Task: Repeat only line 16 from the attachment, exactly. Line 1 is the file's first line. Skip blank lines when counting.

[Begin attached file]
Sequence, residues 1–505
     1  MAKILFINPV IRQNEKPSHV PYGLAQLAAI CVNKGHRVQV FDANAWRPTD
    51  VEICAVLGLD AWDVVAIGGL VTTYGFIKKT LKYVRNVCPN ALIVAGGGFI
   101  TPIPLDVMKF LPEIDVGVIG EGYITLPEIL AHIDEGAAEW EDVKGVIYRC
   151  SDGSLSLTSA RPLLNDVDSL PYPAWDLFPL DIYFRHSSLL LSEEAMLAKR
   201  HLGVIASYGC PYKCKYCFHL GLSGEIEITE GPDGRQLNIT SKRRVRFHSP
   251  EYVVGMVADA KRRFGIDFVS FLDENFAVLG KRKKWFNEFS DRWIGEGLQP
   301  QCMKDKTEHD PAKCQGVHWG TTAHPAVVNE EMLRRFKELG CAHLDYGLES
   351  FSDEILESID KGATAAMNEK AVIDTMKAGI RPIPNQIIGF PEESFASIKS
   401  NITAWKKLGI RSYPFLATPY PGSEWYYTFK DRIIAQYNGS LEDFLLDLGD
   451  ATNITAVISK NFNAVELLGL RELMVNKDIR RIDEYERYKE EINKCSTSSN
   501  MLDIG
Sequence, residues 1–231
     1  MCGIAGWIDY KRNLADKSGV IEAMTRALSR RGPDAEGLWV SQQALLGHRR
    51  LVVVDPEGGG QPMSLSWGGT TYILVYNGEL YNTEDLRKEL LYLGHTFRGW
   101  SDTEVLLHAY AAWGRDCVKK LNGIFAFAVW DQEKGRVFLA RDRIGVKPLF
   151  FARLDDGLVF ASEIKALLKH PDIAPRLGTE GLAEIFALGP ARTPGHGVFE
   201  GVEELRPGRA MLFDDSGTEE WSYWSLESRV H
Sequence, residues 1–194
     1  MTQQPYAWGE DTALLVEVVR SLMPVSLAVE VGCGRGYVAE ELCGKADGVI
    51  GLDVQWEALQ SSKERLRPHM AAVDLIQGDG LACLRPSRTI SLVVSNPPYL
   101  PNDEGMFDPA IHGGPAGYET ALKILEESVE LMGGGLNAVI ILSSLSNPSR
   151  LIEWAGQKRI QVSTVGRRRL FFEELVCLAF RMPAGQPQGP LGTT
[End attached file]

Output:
   101  SDTEVLLHAY AAWGRDCVKK LNGIFAFAVW DQEKGRVFLA RDRIGVKPLF